The “Crommyonian Sow” (Greek Κρομμυωνία σῦς, translit. Krommyōnía sŷs) was so named because she lived near the town of Crommyon in the region of Corinthia.
Crommyonian Sow Κρομμυωνία σῦς (Krommyōnía sŷs)
[kroh-mi-OH-nee-uhn] /ˌkroʊ mɪˈoʊ ni ən/
The Crommyonian Sow was a sow—a wild female pig—of exceptional size, strength, and ferocity. The creature lived near Crommyon, a small town in the region of Corinthia on the Saronic Gulf (though it was originally part of the Megarid). This fearsome sow harassed the area, killing many people before finally being slain by Theseus.
The Crommyonian Sow was one of Theseus’ less important conquests, but she did occasionally appear in ancient art, especially in Athenian vase painting from the fifth century BCE. She was represented as a creature of prodigious size and usually shown in battle with Theseus. An old woman was often depicted with the sow, no doubt the owner of the terrible beast.
In the earliest traditions, the Crommyonian Sow was a fairly ordinary animal; but later accounts, perhaps hoping to build up her fearsomeness, seem to have embellished her pedigree. The mythographer Apollodorus, for example, reports a tradition in which the Crommyonian Sow was the child of the monsters Typhoeus and Echidna. Another tradition, reported by the geographer Strabo, made the Crommyonian Sow the mother of the Calydonian Boar.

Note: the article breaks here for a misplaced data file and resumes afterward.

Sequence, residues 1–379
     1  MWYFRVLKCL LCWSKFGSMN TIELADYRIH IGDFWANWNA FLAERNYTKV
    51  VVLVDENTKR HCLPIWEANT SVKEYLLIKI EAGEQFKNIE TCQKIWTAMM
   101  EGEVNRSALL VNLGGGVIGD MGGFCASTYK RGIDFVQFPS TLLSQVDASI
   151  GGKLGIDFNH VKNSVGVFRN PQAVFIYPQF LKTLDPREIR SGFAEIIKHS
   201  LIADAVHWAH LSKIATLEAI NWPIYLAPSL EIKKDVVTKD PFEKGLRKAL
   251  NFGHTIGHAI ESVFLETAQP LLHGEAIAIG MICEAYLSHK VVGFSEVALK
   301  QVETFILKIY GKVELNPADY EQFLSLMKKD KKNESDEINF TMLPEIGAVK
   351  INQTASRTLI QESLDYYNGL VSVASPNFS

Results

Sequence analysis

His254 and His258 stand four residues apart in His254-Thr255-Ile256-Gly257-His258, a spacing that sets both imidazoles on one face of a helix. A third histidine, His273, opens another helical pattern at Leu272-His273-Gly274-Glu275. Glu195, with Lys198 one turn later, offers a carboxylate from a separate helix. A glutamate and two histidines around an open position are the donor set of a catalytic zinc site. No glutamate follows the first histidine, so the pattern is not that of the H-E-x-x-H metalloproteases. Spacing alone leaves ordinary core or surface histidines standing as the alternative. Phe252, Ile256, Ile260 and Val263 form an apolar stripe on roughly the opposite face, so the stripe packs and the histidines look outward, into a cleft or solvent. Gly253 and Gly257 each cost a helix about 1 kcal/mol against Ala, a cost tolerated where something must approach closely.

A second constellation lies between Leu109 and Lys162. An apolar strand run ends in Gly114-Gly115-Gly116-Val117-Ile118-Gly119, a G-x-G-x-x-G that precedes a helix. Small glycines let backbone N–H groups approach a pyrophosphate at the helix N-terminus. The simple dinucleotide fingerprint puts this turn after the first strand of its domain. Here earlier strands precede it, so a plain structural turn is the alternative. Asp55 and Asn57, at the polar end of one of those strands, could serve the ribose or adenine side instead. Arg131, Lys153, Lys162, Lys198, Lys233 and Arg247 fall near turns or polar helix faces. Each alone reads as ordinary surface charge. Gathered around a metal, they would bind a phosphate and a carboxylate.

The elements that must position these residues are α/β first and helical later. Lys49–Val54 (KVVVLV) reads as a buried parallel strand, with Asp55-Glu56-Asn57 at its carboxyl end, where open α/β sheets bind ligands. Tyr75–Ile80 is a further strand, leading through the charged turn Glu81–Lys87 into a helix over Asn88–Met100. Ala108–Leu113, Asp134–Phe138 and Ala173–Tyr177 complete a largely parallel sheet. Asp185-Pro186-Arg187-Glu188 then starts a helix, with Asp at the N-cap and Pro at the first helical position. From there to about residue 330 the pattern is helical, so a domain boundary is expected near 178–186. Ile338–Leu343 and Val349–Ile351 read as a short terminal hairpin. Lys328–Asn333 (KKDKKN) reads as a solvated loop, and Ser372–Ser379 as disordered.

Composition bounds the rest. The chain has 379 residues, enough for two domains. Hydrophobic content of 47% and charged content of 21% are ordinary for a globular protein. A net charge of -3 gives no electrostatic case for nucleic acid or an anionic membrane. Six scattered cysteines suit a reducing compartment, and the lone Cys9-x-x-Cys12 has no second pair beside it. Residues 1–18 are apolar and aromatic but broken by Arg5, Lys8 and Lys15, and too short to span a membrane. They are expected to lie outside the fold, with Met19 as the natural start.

The Crommyonian Sow is best known as one of the foes Theseus faced on his journey to meet his father Aegeus, the king of Athens. These opponents (sometimes referred to as the “Six Labors of Theseus”) plagued the isthmus road—the narrow strip of land connecting the Peloponnese with the rest of mainland Greece. While traveling from his mother’s home in Troezen to his father’s kingdom in Athens, Theseus cleared the isthmus of the dangerous bandits and creatures that infested it.
The Crommyonian Sow was a monstrously strong and large creature, responsible for killing many people. In some traditions, it had been bred by an old woman named Phaea, who instilled in it a thirst for blood. In the end, Theseus fought and killed the beast.
A rationalized variant of the myth of the Crommyonian Sow is recorded by Plutarch. According to this interpretation, the so-called Crommyonian Sow was not a real sow at all, but rather a female bandit from Crommyon named Phaea who had been nicknamed the “Crommyonian Sow” on account of her unfortunate hygiene.